A Fissionable Christmas: Part Two
By Justin Isherwood
In the history of science, insight comes at odd times and odd places, in this case Frisch and Meitner were skiing, actually Frisch was skiing, Meitner was walking behind as they talked in a relaxed mood, rolling in their minds these strange nuclear particles. The physics is a mental thing, in the hope of imagining what is going on inside the smallest bit of matter. They were, as they later reported, turning this nuclear thing in their heads. Hahn, in an experiment targeting uranium, ended up with material identified as barium. How was that possible? Barium being a metal in the middle of the Periodic Chart Group 2 , Period 6, Block S, atomic weight 56. This nuclear physics stuff, Jewish or not, was weird. It was Christmas, 1939.
It was Frisch on his skis who burst out,” there’s no other explanation.” He paused as the vapors of his exertion disappeared into the winter air. That damnable strangeness of uranium turning into barium overwhelmed their minds. Why? Here this Christmas Story unfolds as Lise Meitner later recalled. They brushed away the snow on a nearby log, sat down and on a scrap of paper calculated the initial charge of a uranium nucleus, and what the energy necessary to overcome the surface tension, as they called it, to divide the uranium nucleus. The “provocation” by which they meant the impact of a single neutron, where elemental uranium divides to lighter elements. The barium in the middle of the Periodic Chart, as a fraction of its mass disappears. The business quite as Einstein put it, E=mc2.. One fifth of a proton mass equals 200 MeV in mass to energy conversion. In halving a uranium atom, two barium atoms form along with “some energy.” Again their phrase, “some energy.”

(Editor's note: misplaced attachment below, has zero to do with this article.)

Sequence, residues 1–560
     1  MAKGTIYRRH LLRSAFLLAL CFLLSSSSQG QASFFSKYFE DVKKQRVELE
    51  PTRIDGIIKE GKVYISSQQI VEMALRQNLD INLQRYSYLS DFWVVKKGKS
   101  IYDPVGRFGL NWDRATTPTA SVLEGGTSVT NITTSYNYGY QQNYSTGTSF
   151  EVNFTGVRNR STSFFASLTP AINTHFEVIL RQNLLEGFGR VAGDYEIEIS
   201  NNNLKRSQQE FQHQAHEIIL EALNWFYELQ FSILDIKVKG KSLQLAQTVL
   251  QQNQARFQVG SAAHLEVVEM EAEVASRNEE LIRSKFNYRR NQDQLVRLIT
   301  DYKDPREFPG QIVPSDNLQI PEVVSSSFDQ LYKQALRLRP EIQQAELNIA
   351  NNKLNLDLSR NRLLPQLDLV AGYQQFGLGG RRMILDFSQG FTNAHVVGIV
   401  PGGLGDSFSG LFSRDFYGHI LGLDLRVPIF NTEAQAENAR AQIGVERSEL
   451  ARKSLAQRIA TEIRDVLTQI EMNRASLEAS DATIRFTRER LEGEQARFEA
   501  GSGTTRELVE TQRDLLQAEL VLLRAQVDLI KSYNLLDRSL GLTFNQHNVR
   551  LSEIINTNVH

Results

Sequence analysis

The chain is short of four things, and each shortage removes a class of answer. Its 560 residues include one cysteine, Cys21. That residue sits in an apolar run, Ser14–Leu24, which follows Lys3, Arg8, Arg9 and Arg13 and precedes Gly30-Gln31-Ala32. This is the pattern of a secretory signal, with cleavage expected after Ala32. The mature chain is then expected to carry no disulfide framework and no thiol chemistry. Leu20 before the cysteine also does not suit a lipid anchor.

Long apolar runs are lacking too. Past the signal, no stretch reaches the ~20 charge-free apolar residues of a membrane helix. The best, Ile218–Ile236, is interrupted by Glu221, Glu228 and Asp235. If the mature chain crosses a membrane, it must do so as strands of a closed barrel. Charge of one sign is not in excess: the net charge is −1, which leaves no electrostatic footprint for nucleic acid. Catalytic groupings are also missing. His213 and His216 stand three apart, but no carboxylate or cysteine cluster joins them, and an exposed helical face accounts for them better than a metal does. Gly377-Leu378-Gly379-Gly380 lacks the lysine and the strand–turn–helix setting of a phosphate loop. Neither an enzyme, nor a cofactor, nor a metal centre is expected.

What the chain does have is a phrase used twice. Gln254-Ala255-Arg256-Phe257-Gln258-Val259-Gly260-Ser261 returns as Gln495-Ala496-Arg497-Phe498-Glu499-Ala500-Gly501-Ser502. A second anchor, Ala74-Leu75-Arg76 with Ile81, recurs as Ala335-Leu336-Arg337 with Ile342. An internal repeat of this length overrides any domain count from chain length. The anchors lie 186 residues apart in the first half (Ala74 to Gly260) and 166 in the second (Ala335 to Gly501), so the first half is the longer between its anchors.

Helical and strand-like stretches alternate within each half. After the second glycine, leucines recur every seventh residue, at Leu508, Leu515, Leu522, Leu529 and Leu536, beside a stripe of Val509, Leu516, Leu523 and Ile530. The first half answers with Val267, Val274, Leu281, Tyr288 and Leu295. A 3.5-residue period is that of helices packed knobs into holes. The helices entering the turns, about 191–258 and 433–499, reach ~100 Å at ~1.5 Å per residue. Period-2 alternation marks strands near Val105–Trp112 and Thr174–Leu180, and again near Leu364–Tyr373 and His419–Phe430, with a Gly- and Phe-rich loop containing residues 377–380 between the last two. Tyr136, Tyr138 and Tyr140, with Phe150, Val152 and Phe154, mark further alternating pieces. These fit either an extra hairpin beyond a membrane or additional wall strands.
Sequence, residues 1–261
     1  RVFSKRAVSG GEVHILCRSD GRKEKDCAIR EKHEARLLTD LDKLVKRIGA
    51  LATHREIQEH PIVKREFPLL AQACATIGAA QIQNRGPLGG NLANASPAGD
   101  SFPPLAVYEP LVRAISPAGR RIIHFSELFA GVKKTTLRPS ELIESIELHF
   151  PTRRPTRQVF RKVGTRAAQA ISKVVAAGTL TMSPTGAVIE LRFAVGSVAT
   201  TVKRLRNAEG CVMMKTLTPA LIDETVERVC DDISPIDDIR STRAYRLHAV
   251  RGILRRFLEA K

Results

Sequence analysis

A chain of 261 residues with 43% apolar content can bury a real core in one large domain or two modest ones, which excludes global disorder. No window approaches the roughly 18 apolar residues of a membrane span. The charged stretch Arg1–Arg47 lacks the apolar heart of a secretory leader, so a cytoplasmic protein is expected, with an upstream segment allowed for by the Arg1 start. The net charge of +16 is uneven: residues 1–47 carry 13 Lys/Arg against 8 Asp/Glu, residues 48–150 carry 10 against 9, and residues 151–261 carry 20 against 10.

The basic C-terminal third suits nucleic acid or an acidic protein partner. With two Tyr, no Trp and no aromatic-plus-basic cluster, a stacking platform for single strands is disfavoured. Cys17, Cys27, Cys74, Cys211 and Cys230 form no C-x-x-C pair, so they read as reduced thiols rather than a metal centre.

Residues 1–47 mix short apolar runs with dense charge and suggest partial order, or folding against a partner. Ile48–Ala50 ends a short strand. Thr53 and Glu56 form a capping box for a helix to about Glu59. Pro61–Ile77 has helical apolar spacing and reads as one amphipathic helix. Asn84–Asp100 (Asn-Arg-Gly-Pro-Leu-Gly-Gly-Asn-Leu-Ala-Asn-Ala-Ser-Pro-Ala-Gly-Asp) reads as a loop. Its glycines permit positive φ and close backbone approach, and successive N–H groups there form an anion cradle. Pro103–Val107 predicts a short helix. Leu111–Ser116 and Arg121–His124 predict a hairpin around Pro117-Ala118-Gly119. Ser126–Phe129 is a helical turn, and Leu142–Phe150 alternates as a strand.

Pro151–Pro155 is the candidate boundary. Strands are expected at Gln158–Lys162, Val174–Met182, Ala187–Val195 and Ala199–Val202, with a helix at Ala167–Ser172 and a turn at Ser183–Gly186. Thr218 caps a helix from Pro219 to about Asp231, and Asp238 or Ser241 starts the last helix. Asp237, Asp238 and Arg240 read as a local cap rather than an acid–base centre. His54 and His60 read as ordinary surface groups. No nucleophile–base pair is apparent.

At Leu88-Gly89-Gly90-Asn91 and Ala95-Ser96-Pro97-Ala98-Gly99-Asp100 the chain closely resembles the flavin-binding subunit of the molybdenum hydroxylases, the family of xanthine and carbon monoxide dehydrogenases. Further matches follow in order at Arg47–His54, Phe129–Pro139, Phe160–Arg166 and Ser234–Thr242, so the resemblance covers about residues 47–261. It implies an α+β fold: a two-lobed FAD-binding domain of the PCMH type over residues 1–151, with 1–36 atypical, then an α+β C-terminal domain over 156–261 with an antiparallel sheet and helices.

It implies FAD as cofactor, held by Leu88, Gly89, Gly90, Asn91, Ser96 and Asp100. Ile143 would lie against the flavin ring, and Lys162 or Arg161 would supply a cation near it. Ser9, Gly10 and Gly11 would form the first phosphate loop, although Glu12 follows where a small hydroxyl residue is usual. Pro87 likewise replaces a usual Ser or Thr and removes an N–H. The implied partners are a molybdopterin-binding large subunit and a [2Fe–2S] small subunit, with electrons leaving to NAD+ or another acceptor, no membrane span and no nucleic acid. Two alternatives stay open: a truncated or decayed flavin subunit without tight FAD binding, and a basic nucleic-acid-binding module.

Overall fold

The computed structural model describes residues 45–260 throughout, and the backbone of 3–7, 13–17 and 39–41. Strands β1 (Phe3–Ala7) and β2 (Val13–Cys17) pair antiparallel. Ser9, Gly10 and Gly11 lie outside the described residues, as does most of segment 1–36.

Was Christmas 1939, as this hypothesis sifted through the physics world, and in the following new year, a few began to postulate this energy as “a bomb source.” The idea was generally, even enthusiastically, poo-pooed. A bomb would require tons of U-238, and the reaction could not be sustained.
Others worried, what if the Nazis suspected? Then came news Germany was forbidding export of uranium from Czechoslovakia. It was more than just a possibility the Nazis knew of the bomb chance.
Niels Bohr and John Wheeler dissed the idea U-238 would work as a bomb source, if U-235 would. Other than the stuff being a touch scarce, about 0.7% of uranium ore. Their hypothesis posed a pound of U-235 would be necessary to make an atomic bomb. As it turned out, closer to 35 pounds. Little Boy, over-built, was 141 pounds of U-235.
Otto Frisch soon delivered the world to its fate and his method for separating 235 from 238. Quite simple really. Fill a tube with a U-238 gas, the heavier U-238 to sink leaving the lighter, fissionable U-235 to siphon off. A pound of U-235 by this process could be produced in matter of weeks. The estimate turned out a touch optimistic. American juggernaut of 1941-1945, from Manhattan to Oak Ridge to Los Alamos was the largest construction project in human history, all of it devised to yield a device the size of a large office desk called Little Boy. Where but 2 pounds of Uranium 235 was converted to energy of the 141 pounds “in the pit,” at 8 kilotons per pound.
The Los Alamos bomb test was named Trinity, following John Donne’s poem. Appropriate, as when the gods of the universe become one, the prophesy is, the world ends.
Such were the words on the range that fateful morning of 10 July, 1945,: “unprecedented”, “magnificent”, “beautiful”, “stupendous”, “terrifying..”
And so the Christmas star of Lise Meitner and its Jewish science rose above the New Mexico desert. In its new dawn came a new age of man, kind or not.